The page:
We have talked up this pergola pretty extensively over the last few weeks and it’s easy to see why. It has transformed our patio significantly, in a way I can’t emphasize enough. It is so substantial! And we built it OURSELVES!! I’ve designed and built a lot of things in my day, but an actual structure is impressive, if you’ll allow me to pat ourselves on the back.
We started here, with the plan:
I knew if there was going to be one thing that would help smooth out working together on a project, it would be to come up with an actual plan. I’ve mentioned before my style is to usually make it up as I go, and problem solve when needed. Schenny does NOT roll like that and hates when I seemingly change my mind mid-project. I drew out what I thought would work, and after searching Pinterest and talking it out, we tweaked the design slightly to include ‘sandwiching’ the boards on the top end of the corner posts instead of just the attaching them to the outside. This not only helped the whole thing be sturdier, but made it feel more substantial.
We ended up using four 6x6x10′ posts (we cut them down to 9′), bases to attach them to the concrete, five 2x6x12 and twelve 2x6x14′, plus screws and hardware. Our finished pergola is 11′-6″ x 11′-6″, but we needed those fourteen-footers to cut tails on each end. The ones going out from the house couldn’t have tails on the backend, due to the proximity to the roofline and gutters, hence the twelve foot boards.
We hammer-drilled holes into the concrete for the bolts that attach the base plates to the concrete. The posts went up (level, plumb, square, triangle, circle, alllll the checking happened. We might have done a rain dance just to appease any other construction gods watching over us).
Next was attaching the top pieces that would frame out the square. Pro-tip: DO NOT hand drive these bolts in with a socket wrench. Your arm is not an impact driver. You are not going to get very far driving 5″ lag screws through two pieces of wet, pressure treated wood. Don’t try to drive 1/2″ wide lag screws through a 3/8″ hole. Just let your wife buy the tools you need. If you need to learn this on your own, plan it out so when you give in, your wife can run to the hardware store to buy the right tools AND get lunch on the way back. Not that that happened to us. No sir. Just a theory.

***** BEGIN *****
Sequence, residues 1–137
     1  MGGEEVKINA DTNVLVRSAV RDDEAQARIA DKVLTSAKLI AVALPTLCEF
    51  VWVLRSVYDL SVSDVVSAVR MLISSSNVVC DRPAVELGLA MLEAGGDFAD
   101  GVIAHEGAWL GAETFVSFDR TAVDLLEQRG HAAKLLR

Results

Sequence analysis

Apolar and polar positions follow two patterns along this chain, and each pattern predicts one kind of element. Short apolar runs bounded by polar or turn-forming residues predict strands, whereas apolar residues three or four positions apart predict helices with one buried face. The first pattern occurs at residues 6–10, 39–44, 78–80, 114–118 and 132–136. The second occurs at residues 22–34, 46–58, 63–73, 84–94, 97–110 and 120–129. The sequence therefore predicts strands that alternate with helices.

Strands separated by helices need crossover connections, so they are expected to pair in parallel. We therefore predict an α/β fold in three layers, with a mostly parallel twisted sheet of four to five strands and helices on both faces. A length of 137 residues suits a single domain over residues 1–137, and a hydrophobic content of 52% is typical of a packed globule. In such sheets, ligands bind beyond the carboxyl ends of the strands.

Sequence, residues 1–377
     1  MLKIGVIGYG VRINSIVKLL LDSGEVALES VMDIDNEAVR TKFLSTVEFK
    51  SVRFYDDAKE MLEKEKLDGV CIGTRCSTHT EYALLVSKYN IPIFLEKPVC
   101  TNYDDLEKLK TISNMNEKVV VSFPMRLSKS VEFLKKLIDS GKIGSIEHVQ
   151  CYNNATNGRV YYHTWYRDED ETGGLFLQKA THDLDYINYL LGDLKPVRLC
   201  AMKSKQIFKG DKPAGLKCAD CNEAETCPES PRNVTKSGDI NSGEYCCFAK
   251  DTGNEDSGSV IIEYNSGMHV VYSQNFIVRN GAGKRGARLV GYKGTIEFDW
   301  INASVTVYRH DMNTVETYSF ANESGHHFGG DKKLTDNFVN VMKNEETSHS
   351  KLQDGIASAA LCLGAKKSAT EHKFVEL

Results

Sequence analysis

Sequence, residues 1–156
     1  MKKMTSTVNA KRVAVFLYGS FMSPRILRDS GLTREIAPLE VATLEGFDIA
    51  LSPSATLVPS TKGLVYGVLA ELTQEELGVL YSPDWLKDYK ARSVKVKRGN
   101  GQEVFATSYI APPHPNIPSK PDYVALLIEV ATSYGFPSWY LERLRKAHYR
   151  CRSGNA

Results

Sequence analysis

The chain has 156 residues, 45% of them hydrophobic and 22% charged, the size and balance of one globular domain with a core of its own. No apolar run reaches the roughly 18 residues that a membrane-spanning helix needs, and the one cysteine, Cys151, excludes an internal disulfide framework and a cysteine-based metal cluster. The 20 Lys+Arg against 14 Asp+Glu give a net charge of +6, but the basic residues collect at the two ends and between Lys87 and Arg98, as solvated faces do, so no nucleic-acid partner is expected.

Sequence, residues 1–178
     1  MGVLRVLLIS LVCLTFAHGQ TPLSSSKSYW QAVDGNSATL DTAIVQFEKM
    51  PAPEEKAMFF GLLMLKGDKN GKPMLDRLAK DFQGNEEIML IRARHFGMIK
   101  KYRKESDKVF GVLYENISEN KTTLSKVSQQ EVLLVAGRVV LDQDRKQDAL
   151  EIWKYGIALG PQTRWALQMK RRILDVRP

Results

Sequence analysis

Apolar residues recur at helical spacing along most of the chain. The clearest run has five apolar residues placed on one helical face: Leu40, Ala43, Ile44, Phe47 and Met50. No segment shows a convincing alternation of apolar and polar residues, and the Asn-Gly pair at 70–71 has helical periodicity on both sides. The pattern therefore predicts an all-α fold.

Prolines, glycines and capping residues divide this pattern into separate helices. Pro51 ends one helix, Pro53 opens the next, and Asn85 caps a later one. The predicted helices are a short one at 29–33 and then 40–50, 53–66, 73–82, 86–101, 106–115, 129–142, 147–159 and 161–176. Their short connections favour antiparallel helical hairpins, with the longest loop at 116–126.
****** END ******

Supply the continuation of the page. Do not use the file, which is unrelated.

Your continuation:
Once we got the square frame up, we realized we were a few boards short to finish the top, time was winding down, and energy levels were depleted. At least everything was connected and square so we didn’t have to worry about the wood warping in the sun until we waited for more (because of course the last few pieces we needed were the only ones of the whole project we had to special order).
Once we got all the supplies to finish, we were surprised to find attaching the cross beams were the hardest part. The top boards need to be sitting on their end, which means each board had to be attached with a screw at an angle. So, so difficult at the top of a ladder going into wet wood. We struggled quite a bit with this part, and it took way longer than we expected. I didn’t even take any pictures of the process because we were so frustrated. Just allow extra time for this part. Have cold beer on stand-by.
The final pergola turned out like this:
It is so lovely! It has completely changed the look of the back of our house, and had naturally amped up plans and drawings of the entire backyard make-over. Will we actually get to do any of this? Who knows, but for now we are loving sitting under the pergola enjoying the view.
The next step is styling; now that the structure is up, the REAL work can begin (kidding, honey! sort of). I’ve been dying to put the lights up underneath and take some good after photos, hopefully by this weekend. Stay tuned:)
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